The Colossians were also being misled, as the second chapter shows us, by other false teachers. Judaizers were at work among them. We are not left to infer respecting the class of religionists to which these teachers belonged, for the mention of “new moon and Sabbath” in Colossians 2:16, at once characterizes them as Judaizers, and leads us to the then prevalent forms of Jewish philosophy to trace them. Not that these teachers were merely Jews; they were Christians (by profession), but they attempted to mix with the gospel of Christ the theosophy and angelology of the Jews of their times. They became infected with theosophic and ascetic principles and were gradually being drawn away from the simple doctrine of Christ. This false system of philosophy and ascetic mysticism, attempting to intrude into unseen things, with which was linked angel-worship, limited the superiority and greatness of the Lord Jesus Christ and more so the sufficiency of His work of redemption.

The occasion of the Epistle was the existence of these evil things among them. The object in writing was more than counteracting the false doctrines. The Holy Spirit unfolds the truth of the gospel, showing in this Epistle the majesty and glory of Christ, that He has the preeminence in all things, head of creation and head of the Church; it unfolds the completeness of His redemption and the believer’s completeness in Christ as risen with Christ and in living union with Him, in whom the fullness of the Godhead dwells bodily. Like all the great Pauline Epistles, containing the revelation of God to man, the Colossian Epistle with its vital and glorious truths, is meat in due season for God’s people, especially in these days when we are confronted by the same errors in modern movements and energized by the power of Satan to destroy the very foundations of the faith.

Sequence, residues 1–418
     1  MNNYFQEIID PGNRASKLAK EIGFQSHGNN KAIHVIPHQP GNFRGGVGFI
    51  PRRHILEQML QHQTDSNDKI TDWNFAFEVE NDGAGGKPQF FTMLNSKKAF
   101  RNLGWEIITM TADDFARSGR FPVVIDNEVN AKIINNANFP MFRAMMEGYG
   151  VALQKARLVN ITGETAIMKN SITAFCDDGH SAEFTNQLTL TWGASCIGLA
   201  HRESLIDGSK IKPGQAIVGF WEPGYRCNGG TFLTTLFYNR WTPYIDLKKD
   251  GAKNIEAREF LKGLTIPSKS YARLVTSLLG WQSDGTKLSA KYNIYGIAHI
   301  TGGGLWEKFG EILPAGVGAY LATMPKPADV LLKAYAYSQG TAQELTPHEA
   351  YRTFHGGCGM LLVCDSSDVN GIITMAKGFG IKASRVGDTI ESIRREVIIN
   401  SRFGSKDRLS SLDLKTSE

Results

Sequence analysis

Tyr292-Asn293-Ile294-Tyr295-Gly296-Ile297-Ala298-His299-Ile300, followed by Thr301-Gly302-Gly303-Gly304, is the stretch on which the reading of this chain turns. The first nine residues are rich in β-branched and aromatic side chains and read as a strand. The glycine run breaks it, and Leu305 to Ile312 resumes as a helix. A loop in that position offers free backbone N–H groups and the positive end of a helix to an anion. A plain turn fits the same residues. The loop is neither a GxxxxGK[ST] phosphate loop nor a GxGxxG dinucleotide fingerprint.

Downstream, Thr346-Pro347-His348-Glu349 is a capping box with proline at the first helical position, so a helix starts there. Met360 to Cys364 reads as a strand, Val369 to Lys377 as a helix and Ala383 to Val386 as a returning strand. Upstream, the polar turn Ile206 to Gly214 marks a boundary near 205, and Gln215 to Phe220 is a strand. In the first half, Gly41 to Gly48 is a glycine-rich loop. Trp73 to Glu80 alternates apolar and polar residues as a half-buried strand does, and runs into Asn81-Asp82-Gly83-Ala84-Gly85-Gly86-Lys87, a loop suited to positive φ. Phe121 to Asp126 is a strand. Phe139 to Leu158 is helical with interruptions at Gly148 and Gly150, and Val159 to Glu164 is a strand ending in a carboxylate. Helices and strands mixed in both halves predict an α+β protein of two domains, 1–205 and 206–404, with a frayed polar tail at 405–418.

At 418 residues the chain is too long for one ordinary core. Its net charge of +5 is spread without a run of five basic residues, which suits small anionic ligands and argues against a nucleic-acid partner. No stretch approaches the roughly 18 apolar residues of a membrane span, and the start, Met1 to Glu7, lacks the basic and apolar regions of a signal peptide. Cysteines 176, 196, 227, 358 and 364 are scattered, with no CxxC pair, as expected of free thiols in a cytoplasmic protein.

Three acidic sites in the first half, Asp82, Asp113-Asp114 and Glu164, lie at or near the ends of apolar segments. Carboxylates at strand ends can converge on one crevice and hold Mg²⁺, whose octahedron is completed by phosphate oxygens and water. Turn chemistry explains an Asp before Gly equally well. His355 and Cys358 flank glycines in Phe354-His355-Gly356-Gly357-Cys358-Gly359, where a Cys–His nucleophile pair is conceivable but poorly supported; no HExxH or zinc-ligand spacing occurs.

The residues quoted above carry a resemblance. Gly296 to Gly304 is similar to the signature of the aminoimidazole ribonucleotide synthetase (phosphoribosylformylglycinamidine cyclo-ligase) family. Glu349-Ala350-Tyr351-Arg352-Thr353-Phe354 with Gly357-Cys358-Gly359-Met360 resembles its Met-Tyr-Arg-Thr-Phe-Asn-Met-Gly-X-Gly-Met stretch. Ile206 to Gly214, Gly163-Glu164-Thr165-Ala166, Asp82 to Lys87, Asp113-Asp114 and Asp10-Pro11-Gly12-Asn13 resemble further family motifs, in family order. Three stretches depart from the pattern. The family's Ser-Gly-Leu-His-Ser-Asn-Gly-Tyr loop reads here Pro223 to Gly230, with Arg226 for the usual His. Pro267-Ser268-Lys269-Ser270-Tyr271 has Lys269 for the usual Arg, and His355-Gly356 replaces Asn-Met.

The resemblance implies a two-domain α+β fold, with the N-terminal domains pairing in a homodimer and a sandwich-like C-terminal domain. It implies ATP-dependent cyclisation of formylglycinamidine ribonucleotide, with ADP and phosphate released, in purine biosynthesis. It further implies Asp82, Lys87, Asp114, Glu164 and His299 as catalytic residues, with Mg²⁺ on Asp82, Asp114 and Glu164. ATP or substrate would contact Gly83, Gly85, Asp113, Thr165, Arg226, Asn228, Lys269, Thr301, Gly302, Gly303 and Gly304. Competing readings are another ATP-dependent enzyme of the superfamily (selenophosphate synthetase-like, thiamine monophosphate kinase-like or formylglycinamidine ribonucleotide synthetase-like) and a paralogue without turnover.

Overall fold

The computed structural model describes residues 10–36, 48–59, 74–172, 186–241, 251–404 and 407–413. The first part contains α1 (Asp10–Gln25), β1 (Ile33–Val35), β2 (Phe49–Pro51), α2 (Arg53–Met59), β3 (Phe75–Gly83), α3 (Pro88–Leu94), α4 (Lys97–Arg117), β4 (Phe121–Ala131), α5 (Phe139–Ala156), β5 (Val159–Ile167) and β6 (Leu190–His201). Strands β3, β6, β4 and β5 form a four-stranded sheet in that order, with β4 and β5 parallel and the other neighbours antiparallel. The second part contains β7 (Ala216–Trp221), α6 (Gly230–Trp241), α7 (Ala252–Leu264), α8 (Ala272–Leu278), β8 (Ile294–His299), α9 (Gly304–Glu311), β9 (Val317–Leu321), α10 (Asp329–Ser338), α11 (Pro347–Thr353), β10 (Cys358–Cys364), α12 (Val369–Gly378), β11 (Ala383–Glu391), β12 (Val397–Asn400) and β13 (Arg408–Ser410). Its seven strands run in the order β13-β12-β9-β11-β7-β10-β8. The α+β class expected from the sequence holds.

Colossians in Contrast with Ephesians